Skip to Navigation
University of Pittsburgh
Print This Page Print this pages

January 9, 2003

Long-range facilities plan ahead of schedule

With Sennott Square and the Petersen Events Center, Pitt’s newest buildings, up and running, what’s next on the University’s facilities agenda?

That was the question broached by the University Senate’s plant utilization and planning (PUP) committee at a meeting last month.

Robert Pack, vice provost for academic planning and resources management, reported to the committee on the University’s plans, which, he said, continue to be driven by the 10-year (1998-2007) master facilities plan developed at the request of the Board of Trustees.

“I think it’s fair to say that the facilities plan, for both content and timing, is the single most important and influential document for the University in certainly the last decade,” Pack told the PUP committee.

“Over the whole 10-year plan we had projected $516 million worth of projects over three phases, short-, mid- and long-term.” Short-term (1-4 years) estimates, targeting the highest priority projects, totaled $197 million at the time of the plan’s release, he said.

More generous than anticipated funding from the commonwealth and favorable financial markets allowed Pitt to move up some longer term projects. “In fact, in the first five years we spent about $317 million, leaving us about $198 million at this point. The single greatest impact on the plan was the increase in commonwealth funding from a projected $69 million to $135 million. In effect, we were essentially able to accelerate our spending in priority areas,” he said, including:

• Constructing Sennott Square and the Petersen Events Center;

• Renovating the Masonic Temple (now Alumni Hall);

• Procuring storage space for the overcrowded Hillman Library;

• Building Bouquet Gardens for student housing and renovating University-owned apartment buildings for undergraduate housing;

• Providing recreational facilities in the residence halls, and

• Improving instructional facilities, with classroom renovations and technology upgrades.

Pack said the next projects on the facilities docket are construction of the Biomedical Science Tower 3 on Fifth Avenue, and Clapp-Langley-Crawford halls expansion designed to provide additional space for biological sciences research and facilities.

“These are our two main capital projects that are approved, but without a final timetable,” Pack said. “The commonwealth is the source of funds, and they are included in the last bill approved by the legislature. Pitt is waiting for the funding to be released by the governor’s office.”

Ongoing renovation projects include:

• Trees Hall renovation, including a new roof and HVAC system and the reopening of a long-dormant rifle range, as well as the construction of a climbing wall. “This is part of the whole recreation improvement that really is triggered by the move of athletics programs into the Petersen Events Center.”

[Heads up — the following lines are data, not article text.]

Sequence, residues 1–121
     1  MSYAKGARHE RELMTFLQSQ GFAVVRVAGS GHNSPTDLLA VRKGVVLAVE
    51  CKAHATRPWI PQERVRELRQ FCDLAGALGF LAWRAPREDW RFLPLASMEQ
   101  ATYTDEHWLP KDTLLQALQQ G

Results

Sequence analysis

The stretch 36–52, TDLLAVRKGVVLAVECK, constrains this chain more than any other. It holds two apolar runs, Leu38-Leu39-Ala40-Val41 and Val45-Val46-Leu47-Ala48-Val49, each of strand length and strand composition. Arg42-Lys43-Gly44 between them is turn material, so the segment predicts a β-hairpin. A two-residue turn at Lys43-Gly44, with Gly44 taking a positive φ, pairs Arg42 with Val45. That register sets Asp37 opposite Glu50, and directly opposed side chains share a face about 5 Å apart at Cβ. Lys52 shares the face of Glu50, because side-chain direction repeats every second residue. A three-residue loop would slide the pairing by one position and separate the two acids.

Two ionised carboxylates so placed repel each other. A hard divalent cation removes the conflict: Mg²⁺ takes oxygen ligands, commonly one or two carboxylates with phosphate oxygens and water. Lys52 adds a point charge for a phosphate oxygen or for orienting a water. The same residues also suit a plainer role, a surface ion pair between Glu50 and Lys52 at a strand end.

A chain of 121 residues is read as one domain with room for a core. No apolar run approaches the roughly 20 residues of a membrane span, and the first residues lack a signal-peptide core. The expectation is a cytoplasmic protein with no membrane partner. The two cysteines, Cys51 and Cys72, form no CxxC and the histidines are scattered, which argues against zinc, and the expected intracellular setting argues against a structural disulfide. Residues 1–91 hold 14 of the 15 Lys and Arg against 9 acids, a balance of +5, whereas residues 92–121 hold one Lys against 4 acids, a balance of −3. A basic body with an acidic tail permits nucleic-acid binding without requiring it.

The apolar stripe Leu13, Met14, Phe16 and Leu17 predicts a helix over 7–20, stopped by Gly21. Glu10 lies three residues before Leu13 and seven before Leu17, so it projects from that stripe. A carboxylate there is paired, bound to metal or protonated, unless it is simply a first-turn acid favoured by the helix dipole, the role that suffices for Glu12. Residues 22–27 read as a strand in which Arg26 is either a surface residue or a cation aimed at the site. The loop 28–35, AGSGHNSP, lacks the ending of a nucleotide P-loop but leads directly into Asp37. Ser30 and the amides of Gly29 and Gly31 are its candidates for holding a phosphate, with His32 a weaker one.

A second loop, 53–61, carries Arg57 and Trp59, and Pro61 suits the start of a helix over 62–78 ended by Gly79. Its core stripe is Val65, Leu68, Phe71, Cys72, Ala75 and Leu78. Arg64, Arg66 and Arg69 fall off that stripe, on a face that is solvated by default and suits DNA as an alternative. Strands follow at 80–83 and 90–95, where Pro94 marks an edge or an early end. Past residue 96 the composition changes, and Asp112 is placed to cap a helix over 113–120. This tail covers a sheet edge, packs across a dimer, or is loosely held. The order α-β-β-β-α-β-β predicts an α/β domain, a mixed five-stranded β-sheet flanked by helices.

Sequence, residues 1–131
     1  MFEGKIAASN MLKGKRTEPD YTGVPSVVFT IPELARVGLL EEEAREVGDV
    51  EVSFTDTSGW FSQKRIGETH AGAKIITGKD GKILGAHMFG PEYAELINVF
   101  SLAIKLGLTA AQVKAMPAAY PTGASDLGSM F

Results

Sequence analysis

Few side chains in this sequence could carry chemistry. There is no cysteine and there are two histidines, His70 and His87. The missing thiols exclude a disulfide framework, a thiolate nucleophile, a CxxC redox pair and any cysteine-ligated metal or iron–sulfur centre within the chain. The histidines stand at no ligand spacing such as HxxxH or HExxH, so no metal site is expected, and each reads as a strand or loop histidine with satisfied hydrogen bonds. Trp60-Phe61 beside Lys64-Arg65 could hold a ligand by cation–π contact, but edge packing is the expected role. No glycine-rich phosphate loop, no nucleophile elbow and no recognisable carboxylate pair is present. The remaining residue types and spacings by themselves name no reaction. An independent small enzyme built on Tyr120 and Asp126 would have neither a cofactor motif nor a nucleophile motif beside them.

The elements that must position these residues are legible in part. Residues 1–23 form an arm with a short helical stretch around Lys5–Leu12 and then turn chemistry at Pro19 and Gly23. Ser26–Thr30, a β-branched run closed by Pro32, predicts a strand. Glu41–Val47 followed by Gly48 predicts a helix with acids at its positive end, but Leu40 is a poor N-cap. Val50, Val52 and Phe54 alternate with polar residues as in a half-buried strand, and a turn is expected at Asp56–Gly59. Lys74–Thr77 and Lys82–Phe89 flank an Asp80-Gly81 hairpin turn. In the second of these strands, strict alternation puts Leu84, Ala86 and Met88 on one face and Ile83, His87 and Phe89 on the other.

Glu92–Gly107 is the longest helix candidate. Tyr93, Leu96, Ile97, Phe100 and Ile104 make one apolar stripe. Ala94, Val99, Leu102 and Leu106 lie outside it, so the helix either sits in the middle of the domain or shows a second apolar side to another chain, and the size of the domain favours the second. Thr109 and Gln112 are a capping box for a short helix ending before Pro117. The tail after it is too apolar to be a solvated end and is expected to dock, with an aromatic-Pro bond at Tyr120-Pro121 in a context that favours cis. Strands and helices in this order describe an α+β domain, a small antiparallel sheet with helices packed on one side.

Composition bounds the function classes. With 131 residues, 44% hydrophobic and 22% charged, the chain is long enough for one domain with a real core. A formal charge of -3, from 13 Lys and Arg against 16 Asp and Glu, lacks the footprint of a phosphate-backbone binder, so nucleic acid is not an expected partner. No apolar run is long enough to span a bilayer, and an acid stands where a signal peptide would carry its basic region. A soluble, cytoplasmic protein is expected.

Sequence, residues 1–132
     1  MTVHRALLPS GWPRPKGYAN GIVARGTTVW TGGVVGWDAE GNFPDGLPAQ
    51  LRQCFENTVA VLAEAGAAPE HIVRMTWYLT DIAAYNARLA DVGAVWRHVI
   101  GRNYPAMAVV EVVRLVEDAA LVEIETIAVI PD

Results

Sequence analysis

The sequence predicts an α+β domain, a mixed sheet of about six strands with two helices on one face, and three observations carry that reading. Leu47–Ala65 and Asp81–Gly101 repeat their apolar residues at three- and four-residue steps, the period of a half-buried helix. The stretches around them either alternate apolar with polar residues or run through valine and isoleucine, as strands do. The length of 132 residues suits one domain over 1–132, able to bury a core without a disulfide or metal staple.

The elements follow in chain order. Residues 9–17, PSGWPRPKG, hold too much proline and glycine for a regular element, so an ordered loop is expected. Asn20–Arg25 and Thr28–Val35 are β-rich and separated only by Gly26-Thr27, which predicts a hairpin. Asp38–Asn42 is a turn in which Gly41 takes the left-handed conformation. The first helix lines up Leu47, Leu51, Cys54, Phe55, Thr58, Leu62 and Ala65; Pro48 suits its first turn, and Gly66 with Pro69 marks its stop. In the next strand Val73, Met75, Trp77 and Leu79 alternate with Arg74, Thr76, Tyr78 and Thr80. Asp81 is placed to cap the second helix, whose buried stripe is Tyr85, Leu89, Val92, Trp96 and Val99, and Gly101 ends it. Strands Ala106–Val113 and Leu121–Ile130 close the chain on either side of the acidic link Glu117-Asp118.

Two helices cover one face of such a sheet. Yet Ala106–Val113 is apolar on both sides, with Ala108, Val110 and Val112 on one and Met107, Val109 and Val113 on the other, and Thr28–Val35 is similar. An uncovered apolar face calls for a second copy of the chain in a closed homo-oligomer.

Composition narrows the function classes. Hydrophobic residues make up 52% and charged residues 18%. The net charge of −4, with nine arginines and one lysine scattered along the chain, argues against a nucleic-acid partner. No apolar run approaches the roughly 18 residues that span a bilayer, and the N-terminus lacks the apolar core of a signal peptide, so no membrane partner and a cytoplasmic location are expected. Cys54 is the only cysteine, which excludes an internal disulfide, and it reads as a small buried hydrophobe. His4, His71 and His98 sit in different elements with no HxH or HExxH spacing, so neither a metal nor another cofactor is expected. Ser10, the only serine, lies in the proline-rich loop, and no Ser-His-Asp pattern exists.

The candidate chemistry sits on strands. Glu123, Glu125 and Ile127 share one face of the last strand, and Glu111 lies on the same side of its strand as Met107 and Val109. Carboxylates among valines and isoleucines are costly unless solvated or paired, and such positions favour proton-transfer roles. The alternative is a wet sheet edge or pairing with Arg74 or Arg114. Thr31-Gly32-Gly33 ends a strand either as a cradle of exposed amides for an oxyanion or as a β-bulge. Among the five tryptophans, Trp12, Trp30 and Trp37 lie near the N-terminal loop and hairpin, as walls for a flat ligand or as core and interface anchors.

• The transfer of books to the Lexington Avenue storage facility. “Over the next year, you’ll see a big improvement at Hillman in terms of the density in the building: more reading space, and more appropriate space for collections,” Pack said.

Plans also call for studying the feasibility of more on-campus student housing, Pack said. “We picked up some land — that open space outside the Petersen Events Center and where the Mineral Industries Building and Pennsylvania Hall were — and we’d like to find a way so there’s not just nothing between the chemistry building and Sutherland Hall,” Pack said.

He said part of Pitt’s philosophy is to “capture space in existing buildings. The McCarl Center on the Cathedral’s 4th floor, for example, took storage space and made a beautiful student center,” he said.

“Typically, the capital budget suffers at the hands of the operating budget, and that’s why you get into problems with deferred maintenance. We determined we would avoid that by providing prescribed levels of funding coming off the top of the capital budget,” some $8.9 million a year beginning in FY 2002. “We want to keep our existing buildings functioning as efficiently as they can while meeting the programs’ needs, rather than investing in shiny new facilities,” Pack said.

The guiding principles in the 10-year facilities plan are still in effect, he said. They are:

• Academic priorities guide capital development.

• Utilize existing space more efficiently.

• Preservation should precede construction.

• Continue to improve instructional facilities.

• Continue to upgrade student life. “What we think of as student amenities really needed substantial upgrading if we were going to attract and retain the caliber of undergrad student we wanted to admit.”

• Restrict rental properties to housing externally funded projects.

• Limit property acquisition to where the University has a clear need.

“I think it’s fair to say that now the campus is significantly more attractive than five or six years ago,” Pack said. “There’s more of a sense of campus than there was. When we built the [Bouquet Gardens] student housing, it changed the student pedestrian patterns. Many more are coming through the space between Posvar Hall and Hillman. So we have an opportunity to turn more of our urban space into pedestrian-friendly space.”

—Peter Hart

Filed under: Feature,Volume 35 Issue 9

Leave a Reply